Wednesday, December 7, 2011

Here's the Wind-up...

Welcome back to my impossible life.
Recently, a good friend commented that I am living proof of karma. It was meant as a compliment, but I feel like that puts me heavily in debt to universe; an ironic situation since for the first time in my adult life I am debt free and saving money, without sacrificing my personal goals to travel!

Back up:
Note: TBS does NOT stand for Turner Broadcasting Station
I got hired to a Japanese television station's News bureau in New York City as an associate producer.
I was sitting in my underwear, in a tiny apartment in Hiroshima, Japan, when I read the email offering the job. My thoughts exploded into an endless fractal of what to do next, but at the genesis was my decision whether or not to take the job: Yes.

Family in Seattle

On top of not having to worry about employment after five years on The JET Programme, which paid for my flight home - a flight I used to visit my aunt, uncle, and cousin in their new home in Seattle, before returning to Tucson, my new job was paying to fly me to New York. All I had to pay for was setting up my living arrangements from August until my first pay day, mid-September, and I had a zero balance on all my credit cards, so I even had some leeway. The only thing I worried about was packing, lugging my possessions halfway around the world, and finding an apartment in New York. In hindsight, the latter issue turned the first two into such minor nuisances that they are no longer worth discussing.

Sure, scary 'ol New York City is notoriously hard for finding an apartment, but I wasn't looking for a rent-controlled penthouse with a view of Central Park! I wasn't some aspiring artist with big dreams and empty pockets! I had already gotten a solid, respectable job, chosen a neighborhood (Astoria, Queens) well outside 'the hustle and the bustle' (as Strongbad would say), and had great credit BEFORE i paid of over 20k in student loans; realtors should be paying ME a finder's fee right?!? Wrong. But first thing's first, I needed a temporary place to stay for a week (HA!) while I find a place of residence.

After weeks of sifting and emailing through dodgy craigslist entries, I started getting crazy and desperate, but still cautious of being scammed. Finally, it was just three days before I flew from the safety of my little brother's couch in Arizona, when I settled on a Colombian who gave me his address, answered his emails from his smartphone, and would accept cash when I showed up on the doorstep.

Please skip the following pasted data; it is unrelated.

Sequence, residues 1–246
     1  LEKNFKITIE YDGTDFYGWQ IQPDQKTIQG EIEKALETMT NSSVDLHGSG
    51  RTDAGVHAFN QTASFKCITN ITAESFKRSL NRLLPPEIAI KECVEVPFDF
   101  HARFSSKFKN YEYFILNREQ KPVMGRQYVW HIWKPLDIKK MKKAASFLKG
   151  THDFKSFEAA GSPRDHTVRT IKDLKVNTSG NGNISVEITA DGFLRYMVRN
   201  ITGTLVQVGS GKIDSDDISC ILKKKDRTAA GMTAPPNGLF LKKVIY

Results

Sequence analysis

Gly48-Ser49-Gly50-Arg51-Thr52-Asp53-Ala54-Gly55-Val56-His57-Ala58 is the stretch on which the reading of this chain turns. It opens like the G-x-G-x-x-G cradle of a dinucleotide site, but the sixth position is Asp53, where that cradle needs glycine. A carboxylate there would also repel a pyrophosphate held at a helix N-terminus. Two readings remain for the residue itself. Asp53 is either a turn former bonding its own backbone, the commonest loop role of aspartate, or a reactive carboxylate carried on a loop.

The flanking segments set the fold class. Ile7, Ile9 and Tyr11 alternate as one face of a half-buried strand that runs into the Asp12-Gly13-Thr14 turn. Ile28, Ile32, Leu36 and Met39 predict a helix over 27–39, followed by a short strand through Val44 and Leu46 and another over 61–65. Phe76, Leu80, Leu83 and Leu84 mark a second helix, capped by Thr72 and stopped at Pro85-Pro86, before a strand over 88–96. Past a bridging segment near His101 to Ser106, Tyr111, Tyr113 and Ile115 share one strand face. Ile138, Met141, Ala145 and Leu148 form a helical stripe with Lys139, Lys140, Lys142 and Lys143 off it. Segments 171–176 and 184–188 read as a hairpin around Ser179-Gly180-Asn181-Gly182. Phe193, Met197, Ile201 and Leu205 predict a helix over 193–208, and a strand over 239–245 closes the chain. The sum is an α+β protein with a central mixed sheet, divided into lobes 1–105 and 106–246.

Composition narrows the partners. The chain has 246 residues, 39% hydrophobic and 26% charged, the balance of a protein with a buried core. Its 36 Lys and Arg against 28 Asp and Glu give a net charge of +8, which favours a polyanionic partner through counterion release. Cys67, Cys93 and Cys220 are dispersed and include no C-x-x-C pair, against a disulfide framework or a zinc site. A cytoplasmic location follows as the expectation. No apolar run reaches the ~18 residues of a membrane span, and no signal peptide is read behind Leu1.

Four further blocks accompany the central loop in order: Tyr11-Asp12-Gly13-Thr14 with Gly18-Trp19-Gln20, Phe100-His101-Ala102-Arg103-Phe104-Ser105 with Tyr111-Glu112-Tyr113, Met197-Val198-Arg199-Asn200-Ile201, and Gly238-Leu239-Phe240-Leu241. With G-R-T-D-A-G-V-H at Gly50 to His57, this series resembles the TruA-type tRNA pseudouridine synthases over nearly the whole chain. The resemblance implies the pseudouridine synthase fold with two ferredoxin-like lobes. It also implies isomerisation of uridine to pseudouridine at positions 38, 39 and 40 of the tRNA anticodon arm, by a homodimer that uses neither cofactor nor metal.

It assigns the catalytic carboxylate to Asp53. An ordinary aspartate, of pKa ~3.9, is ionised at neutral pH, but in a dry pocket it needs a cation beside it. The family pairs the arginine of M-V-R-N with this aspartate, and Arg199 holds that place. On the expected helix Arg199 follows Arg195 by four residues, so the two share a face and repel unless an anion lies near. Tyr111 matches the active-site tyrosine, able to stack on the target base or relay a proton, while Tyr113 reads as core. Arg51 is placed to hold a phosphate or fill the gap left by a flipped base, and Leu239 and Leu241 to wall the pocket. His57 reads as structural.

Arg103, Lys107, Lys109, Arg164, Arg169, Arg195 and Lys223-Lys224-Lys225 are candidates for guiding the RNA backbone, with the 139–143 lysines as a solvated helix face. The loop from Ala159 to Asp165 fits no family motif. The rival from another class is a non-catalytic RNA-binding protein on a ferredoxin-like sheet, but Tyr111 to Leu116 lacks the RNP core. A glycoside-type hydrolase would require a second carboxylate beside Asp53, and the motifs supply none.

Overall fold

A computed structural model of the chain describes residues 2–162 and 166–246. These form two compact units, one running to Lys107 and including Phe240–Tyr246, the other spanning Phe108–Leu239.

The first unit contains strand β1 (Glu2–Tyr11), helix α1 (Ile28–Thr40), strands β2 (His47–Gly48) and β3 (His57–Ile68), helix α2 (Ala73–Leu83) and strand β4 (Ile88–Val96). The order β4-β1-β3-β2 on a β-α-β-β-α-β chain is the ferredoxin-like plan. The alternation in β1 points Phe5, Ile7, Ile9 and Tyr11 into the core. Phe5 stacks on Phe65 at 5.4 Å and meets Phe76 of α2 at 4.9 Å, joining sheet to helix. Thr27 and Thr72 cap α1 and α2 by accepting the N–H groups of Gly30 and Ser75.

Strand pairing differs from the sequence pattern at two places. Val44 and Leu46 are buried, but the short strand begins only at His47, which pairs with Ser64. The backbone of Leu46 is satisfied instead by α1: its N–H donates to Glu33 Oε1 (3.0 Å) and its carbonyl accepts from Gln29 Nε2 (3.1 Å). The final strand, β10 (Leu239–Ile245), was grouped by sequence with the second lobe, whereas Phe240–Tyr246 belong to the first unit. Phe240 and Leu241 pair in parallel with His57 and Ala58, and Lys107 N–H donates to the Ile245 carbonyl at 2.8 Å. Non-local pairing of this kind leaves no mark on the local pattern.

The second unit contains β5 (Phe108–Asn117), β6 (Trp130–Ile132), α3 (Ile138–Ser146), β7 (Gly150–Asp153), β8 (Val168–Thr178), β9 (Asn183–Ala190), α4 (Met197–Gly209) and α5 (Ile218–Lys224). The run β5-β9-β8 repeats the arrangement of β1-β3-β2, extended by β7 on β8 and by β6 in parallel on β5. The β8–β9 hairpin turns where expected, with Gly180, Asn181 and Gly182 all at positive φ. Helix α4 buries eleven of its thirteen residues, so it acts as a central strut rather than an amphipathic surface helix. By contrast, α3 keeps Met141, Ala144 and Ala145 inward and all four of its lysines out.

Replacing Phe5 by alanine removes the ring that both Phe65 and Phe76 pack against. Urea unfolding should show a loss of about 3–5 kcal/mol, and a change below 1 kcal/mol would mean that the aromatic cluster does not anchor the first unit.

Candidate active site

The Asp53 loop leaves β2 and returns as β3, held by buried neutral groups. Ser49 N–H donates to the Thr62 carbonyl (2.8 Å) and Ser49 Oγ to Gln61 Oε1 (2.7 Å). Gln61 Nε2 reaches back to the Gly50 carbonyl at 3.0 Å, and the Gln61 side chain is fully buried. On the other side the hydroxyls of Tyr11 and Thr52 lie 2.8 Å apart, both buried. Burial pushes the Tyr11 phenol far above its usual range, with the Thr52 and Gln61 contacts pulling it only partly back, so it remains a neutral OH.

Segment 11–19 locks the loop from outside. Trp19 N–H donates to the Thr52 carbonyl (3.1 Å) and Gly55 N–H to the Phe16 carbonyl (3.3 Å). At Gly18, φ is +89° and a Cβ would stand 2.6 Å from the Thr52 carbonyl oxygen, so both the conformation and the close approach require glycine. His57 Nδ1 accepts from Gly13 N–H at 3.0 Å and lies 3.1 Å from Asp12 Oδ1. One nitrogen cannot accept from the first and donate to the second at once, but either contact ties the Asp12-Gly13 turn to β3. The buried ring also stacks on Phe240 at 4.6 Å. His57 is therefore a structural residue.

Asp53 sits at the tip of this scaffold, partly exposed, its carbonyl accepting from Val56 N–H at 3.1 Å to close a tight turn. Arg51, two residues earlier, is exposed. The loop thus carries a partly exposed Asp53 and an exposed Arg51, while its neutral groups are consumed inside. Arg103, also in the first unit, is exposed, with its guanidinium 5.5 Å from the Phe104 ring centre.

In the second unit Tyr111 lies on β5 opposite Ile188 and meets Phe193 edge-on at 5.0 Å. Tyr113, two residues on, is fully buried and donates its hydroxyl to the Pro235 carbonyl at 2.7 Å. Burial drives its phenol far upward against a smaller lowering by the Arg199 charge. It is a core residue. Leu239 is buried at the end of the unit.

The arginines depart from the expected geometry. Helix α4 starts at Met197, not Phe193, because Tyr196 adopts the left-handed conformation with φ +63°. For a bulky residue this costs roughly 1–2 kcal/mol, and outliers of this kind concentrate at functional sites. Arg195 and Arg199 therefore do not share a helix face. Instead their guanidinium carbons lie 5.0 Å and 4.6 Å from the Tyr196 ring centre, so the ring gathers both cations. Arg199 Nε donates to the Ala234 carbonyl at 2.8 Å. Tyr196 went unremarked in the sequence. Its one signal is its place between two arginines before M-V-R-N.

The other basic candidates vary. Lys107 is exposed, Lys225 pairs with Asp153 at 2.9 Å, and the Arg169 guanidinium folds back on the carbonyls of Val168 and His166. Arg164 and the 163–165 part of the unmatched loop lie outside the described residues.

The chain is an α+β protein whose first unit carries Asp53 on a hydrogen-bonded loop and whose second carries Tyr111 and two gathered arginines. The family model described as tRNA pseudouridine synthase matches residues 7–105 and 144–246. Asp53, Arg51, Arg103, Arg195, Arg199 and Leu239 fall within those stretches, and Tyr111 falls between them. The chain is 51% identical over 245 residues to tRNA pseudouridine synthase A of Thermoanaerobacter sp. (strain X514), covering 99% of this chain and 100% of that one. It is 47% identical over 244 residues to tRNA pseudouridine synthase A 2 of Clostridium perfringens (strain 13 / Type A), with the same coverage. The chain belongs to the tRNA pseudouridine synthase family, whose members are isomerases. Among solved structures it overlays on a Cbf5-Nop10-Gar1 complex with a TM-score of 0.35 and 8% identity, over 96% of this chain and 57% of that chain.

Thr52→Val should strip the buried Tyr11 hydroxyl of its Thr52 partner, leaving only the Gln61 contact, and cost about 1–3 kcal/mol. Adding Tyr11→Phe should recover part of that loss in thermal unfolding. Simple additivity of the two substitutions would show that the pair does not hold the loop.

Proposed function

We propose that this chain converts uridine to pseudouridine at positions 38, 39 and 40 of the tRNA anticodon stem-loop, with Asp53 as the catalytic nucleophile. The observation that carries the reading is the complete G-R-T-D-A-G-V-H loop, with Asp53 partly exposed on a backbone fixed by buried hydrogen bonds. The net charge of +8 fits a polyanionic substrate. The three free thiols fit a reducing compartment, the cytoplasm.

Ok, maybe I didn't research as much as I could have...

Shit, I thought, I am still nervous as hell. I gotta be honest, even after arriving at the airport that first night in NYC, I was trying to find comparably affordable hotels or hostels so I could bail on this guy's offer and go with something that felt safer. I had left everything behind at my mom's place, and only brought a duffel bag packed with clothes, shoes, and a 5 year-old laptop, so I could use the internet if everything was alright, but I wouldn't be completely robbed blind if it was an overly elaborate mugging waiting to happen. Are you starting to feel the tension? I took a cab from the airport, and the guy spoke in a whispered indistinguishable language on his cell phone headset the entire time, missing the turn to my new street twice, heightening my nervousness. Finally, I arrived at the front door, knocked, and a Latina girl answered the door with an equal look of caution, which provided me with my first feeling of relief that day.

Then Carlos, El Colombian, brushed her aside and asked impatiently "why didn't you call?" I mumbled something stupid, as he waved me inside the hall and showed me to my room on the first floor. He was happy to let me put my things down, wasn't in a rush to get to my cash, and behaved like this was all as normal as the tide. Finally, he gave me the key to the front door, and separate key to my room, I gave him the cash, and sighed a deep breath of relief. I had made it to New York, and was doing way better than Joe's Apartment.

As my tension emptied, I was filled with excitement. After briefly introducing myself to my 5 Mexican roommates, including the first girl, I went outside to wander, unhindered by luggage. Just after 9pm, I found the closest subway entrance. Descending the staircase, I spotted a tiny booth outside the gates to the platform, and inside this booth sat David, an older man with the air of my Uncle Anthony, himself a New York native. David informed me how the Metro Card worked and that the trains ran 24 hours. That was all I needed to hear. I bought a card, and hopped on the next train to Times Square! That night I saw a withered, old, naked women with painted breasts, rats fighting on the opposite platform, and scurrying through the tracks, and quickly learned the pain of a society with very few public restrooms. Trying to get home, I learned that even though David hadn't lied about trains running 24 hours, the train I took to get there, the R, stopped running at midnight, and you had to take the E. Well! I took an N far enough to get nowhere near where an E would stop, and ended up transferring to a 7 to get back to my line and finally back onto an E home.

The next morning, jet lag woke me up early enough to buy food, snacks, and a bottle of tequila, which I would need for the ensuing house party, since just a few hours later, New York City was hit by a freak, once-in-a-lifetime hurricane that left everyone displaced or home-bound the whole weekend! 
Hey little guy! Are you welcoming me to New York? Thanks!

1 comment:

  1. Attempt #3. The point is that you are worth it! I love reading about your adventures! You are so real I feel like I'm there with you. Priceless!


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